Administration of Islamic Law Enactment of Penang was passed on 15 April 1959. This enactment has 10 parts and 180 sections equivalent to that of in the Administration of Muslim Law Enactment, Selangor No.3, 1952. Factor of this similarity was due to the fact that both enactments came into effect for a period of seven years within the period of colonial rule. In these legislations, only Section 47 was dedicated to inheritance of estate similar to Section 47, Administration of Muslim Law Enactment, Selangor No.3, 1952. This enactment has been amended in 1993, 2000 and 2004 (www.esyariah.gov.my). Most recently, the Administration of Islamic Law Enactment (States of Penang) 2004 was established and it contained 11 parts and 124 sections in which on Section 65 was dedicated to Islamic inheritance. According to Ismail (2016), issues related to administration or distribution of the estate of a deceased who professed the Muslim religion was not given appropriate emphasis as compared to the issues related to crime, administration of Muslim marriage, divorce and rujuk, evidence in court, administration of Mosque, wakaf and administration of persons who converted to Islam (Muallaf). If there is application for distribution of the estate of a Muslim deceased, the matter should be directly referred to Malay customary law or hukum Syarak.

c)Kedah

Administration of Muslim Law Enactment, Kedah No.9, 1962 was passed in 1962. It consists of 10 parts and 174 sections. Section 44 which is related to Certification of Faraid is still contained in main enactment or “Enakmen Ibu” i.e. the Syariah Court Enactment (Kedah) 1979. However, Section 44 was subsequently repealed and replaced with Section 22 of the Enactment. After being gazetted, Syariah Court Enactment (Kedah Darul Aman) 2008 continues to include a section on certification of inheritance i.e. subsection 2 (1) which constitute part of previous enactment i.e. since 1962. Hence, the efforts to establish specific laws relating to inheritance of Muslim people are highly welcomed in facing the challenges that affect the Islamic legal institutions nowadays (Mustapha, 2016).

d)Perlis

Administration of Muslim Law Enactment Perlis, which was passed in 1963, contains 12 parts and 136 sections. In this enactment, only Section 11 that provides the jurisdiction of Kathi Court in determining heirs / beneficiaries and estate portions according to Islamic law (hukum Syarak). The enactment has subsequently been amended to become Administration of Islamic Law Enactment (Perlis) in which the provision on certification of Islamic inheritance has been changed to Section 65. The number of sections in Administration of Islamic Law Enactment (Perlis) was decreased due to the repeal of previous provisions and establishment of new enactments such as Islamic Family Law Enactment (Perlis) 2006, Administration of Syariah Court Enactment (Perlis) 2007, Syariah Court Mal Procedure Enactment (Perlis) 2007, Criminal Offences in the Syarak Enactment (Perlis) 2007, Criminal Procedure in the Syarak Enactment (Perlis) 2007, and Control of Islamic Religious Schools Enactment (Perlis) 1988. Nevertheless, it was discovered that, since the British colonization until the post-independence era, the aspect of administration of Islamic inheritance has neven been given appropriate status in the legal system applicable in the respective state (Ahmad, 2016).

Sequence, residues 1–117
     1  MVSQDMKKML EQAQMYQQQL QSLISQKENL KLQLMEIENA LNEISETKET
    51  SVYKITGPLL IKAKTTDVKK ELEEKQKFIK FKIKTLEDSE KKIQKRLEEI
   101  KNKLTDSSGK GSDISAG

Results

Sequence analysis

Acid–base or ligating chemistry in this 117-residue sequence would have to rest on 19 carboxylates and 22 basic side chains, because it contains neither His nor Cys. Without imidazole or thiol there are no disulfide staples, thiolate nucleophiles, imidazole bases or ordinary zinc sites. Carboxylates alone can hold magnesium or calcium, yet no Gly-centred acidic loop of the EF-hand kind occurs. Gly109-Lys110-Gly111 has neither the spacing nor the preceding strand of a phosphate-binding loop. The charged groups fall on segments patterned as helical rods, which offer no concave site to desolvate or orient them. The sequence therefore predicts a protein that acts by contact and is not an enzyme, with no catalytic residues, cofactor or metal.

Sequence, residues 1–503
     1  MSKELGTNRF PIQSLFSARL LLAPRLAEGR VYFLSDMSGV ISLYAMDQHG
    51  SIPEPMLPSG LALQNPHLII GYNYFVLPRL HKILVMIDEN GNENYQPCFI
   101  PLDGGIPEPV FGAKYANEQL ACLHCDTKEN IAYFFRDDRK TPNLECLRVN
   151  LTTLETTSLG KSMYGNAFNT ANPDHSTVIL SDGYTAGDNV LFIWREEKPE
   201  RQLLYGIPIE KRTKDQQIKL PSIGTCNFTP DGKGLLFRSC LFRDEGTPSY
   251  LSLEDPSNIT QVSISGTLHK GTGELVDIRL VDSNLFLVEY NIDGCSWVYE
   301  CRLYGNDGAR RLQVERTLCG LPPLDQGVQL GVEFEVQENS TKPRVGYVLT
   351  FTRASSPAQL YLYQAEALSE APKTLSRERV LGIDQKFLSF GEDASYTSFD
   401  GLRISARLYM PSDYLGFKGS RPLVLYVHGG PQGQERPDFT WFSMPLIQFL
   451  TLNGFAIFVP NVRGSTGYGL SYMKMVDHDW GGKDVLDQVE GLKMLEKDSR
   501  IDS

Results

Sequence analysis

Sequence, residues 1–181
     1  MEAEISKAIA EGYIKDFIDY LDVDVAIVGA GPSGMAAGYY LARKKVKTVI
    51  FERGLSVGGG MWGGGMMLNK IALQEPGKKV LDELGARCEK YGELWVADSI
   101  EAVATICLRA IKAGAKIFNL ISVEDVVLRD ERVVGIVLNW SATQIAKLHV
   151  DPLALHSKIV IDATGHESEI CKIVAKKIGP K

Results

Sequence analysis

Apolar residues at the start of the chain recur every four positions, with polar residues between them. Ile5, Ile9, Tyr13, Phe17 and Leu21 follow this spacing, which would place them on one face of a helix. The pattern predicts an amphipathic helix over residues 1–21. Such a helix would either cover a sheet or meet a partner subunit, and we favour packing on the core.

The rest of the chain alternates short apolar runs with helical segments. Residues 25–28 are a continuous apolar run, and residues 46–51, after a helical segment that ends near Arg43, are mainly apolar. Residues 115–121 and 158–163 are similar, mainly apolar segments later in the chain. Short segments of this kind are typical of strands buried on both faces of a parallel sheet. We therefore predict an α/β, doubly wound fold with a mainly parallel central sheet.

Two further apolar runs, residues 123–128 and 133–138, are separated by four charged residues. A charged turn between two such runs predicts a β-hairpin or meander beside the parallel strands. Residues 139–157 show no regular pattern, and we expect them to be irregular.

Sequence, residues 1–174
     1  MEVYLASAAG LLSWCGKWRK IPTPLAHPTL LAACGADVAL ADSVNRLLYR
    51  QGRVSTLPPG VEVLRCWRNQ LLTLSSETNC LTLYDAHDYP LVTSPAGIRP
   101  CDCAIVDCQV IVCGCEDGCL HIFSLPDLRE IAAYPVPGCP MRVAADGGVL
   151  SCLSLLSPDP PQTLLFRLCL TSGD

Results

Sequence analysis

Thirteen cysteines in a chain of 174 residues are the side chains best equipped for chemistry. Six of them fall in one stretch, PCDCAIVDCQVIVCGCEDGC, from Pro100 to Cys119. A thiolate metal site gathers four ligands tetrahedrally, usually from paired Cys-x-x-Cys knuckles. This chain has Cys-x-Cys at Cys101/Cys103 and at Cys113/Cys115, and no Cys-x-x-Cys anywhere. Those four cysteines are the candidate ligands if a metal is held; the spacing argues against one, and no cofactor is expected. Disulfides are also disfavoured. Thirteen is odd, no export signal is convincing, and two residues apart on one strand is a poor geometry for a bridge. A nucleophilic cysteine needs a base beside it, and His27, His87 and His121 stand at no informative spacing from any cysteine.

Based on the above data analysis, this study recommends that the authorities will enact Islamic Law of Inheritance Enactment and enforce provisions that will make it compulsory for any relevant parties to speed up the application for the distribution Islamic inheritance in the pursuits to avoid conflict in claiming the ownership of deceased’s properties and family crisis in Muslim community.

Conclusion

The Government must be more concerned with the issue of delays in the distribution of the estate of a deceased who professed the Muslim religion. The effort to empower the Islamic law of inheritance in Malaysia ia a proactive move and very significant. The development of Administration of Islamic Law since 1950 until now as stated in this study indicated that the aspect of administration of the estate of a Muslim deceased was not legalized as equivalent to the other enactments which have been given the status that conforms with the current development. Thus, it is high time now for the authority to start transforming the law on Islamic inheritance as the soonest possible time so that it can be developed for the sake of the sustainability of Muslim property and the ummah as a whole.

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Publication Date

18 December 2019

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Future Academy

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68

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Sociolinguistics, linguistics, literary theory, political science, political theory

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Ahmad*, F., Noor, F. M., & Azhar, A. (2019). Transformation Of Islamic Inheritance Laws In Northern States Of Peninsula Malaysia. In N. S. Mat Akhir, J. Sulong, M. A. Wan Harun, S. Muhammad, A. L. Wei Lin, N. F. Low Abdullah, & M. Pourya Asl (Eds.), Role(s) and Relevance of Humanities for Sustainable Development, vol 68. European Proceedings of Social and Behavioural Sciences (pp. 224-231). Future Academy. https://doi.org/10.15405/epsbs.2019.09.23